To the Moon Review (Windows PC)
Posted by Patrick Gibbons, Dec 01, 2011 16:46
In my life I have played plenty of good games. However, it is quite a rare experience for me to find a game this memorable. It’s the kind of game that you intend to try for a little while, but end up playing it straight through to the end in one sitting. It makes you want to both laugh and cry, and when it’s over all you can say is, “That was freaking awesome!” When Skyrim came out, I didn’t want to play anything else. Somehow, I forgot all about it when I embarked on the journey “To the Moon”.
To the Moon Gameplay
In To the Moon, the player takes control of Doctors Neil Watts and Eva Rosalene, as they attempt to fulfill a dying man’s last wish. To accomplish this, they must map out and adjust key memories in their client’s mind. The player must explore each memory to uncover various ‘links’. Once enough links are found, the player can access a ‘memento’ that will allow the characters to leap further into the past. Before a leap can occur, the memento must be properly prepared so that the computer can analyze it. This is accomplished by solving a kind of puzzle. The player must reconstruct a picture of the memento by flipping small segments of it. However, the player can’t flip the segments individually. Instead, he or she must select an entire row to be flipped at once. This adds a level of difficulty to the puzzles. I had a lot of fun trying to solve them within the displayed minimum number of moves. The developers should have included a function that allows you to reset the puzzle, as mistakes are very hard to correct. I hope all of that sounds enjoyable, because it is pretty much all that you do in this game. In fact, if you made a game just with the interactive bits in this one, then it would be short and incredibly boring.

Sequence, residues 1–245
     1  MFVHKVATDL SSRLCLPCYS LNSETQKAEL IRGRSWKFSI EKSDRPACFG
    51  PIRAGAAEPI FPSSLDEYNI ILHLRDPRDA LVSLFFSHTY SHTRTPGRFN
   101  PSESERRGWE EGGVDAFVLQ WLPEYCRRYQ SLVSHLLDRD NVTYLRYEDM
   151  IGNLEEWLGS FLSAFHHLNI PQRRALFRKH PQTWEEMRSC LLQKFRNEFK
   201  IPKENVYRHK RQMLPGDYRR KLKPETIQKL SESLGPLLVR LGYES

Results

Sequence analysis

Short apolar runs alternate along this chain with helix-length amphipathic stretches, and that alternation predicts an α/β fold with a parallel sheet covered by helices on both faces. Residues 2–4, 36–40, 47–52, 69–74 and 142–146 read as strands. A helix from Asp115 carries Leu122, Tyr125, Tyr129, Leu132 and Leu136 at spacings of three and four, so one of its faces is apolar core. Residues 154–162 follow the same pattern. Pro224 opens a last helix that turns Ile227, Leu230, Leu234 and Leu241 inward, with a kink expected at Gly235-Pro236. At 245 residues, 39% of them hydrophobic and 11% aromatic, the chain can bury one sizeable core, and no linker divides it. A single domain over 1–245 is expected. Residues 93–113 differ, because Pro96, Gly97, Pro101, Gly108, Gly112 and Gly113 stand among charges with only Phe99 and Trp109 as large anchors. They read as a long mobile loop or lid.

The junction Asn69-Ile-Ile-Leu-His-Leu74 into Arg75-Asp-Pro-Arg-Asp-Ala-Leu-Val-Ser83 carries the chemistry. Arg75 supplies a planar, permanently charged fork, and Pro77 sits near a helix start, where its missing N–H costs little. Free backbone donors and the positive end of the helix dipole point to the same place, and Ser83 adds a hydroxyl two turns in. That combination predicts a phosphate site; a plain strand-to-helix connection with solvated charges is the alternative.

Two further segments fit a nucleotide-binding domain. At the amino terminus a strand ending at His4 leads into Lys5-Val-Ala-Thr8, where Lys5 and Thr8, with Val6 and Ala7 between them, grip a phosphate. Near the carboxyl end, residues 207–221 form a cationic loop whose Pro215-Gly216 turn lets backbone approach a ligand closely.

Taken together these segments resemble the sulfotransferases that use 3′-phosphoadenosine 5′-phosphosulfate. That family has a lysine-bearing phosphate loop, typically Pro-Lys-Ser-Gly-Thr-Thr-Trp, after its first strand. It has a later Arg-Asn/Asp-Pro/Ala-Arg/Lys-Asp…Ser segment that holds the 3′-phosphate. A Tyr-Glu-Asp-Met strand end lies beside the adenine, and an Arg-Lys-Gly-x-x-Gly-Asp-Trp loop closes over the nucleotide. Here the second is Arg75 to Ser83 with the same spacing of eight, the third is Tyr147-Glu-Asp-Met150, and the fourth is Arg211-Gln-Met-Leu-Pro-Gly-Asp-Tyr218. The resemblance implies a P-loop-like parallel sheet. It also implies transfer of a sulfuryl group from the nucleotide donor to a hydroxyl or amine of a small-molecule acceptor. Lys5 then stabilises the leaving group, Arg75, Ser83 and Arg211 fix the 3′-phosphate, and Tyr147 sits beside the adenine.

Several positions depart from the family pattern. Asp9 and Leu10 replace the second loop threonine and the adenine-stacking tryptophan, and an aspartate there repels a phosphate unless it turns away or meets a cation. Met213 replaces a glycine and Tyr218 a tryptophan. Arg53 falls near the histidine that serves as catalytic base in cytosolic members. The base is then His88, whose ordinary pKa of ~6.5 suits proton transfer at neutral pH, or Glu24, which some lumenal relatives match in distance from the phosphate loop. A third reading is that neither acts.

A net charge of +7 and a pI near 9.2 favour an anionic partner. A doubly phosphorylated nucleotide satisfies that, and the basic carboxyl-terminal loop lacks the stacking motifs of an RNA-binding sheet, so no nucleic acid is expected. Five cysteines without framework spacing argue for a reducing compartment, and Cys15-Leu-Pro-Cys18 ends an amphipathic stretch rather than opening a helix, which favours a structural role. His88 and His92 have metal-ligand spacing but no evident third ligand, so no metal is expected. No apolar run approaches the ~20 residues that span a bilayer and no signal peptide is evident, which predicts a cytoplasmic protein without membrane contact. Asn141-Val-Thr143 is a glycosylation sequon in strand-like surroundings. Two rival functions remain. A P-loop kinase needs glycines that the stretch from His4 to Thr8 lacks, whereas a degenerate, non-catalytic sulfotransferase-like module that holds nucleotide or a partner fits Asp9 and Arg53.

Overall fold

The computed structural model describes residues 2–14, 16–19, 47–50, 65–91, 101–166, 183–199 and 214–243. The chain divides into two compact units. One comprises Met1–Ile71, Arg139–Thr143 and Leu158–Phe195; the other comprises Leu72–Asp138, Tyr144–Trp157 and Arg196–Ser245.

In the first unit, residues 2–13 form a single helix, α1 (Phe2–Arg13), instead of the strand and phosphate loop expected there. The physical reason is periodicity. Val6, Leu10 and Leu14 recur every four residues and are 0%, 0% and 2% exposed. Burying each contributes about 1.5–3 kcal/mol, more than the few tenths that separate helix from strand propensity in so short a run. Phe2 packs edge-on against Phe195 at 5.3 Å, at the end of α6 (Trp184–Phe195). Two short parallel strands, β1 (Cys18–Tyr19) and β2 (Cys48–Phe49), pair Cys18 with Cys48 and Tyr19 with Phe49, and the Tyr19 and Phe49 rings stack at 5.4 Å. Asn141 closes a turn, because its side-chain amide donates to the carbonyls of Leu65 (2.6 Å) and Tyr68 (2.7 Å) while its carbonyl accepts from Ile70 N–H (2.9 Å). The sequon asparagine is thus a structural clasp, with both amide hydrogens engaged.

“The Platypus – Proof Positive that God has a sense of humor.”
To the Moon Story
Even while I am writing this review, I can see the look on your face right now. I assure you, I’m not crazy. This game is great, and it’s all because of its story. The narrative in To the Moon is incredibly in-depth. In fact, it’s enough for me to classify the game as a living novel more than anything. As I mentioned before, the game revolves around a pair of scientists who are trying to alter the memories of an old man who is close to death.
Rating: 4.8, votes: 5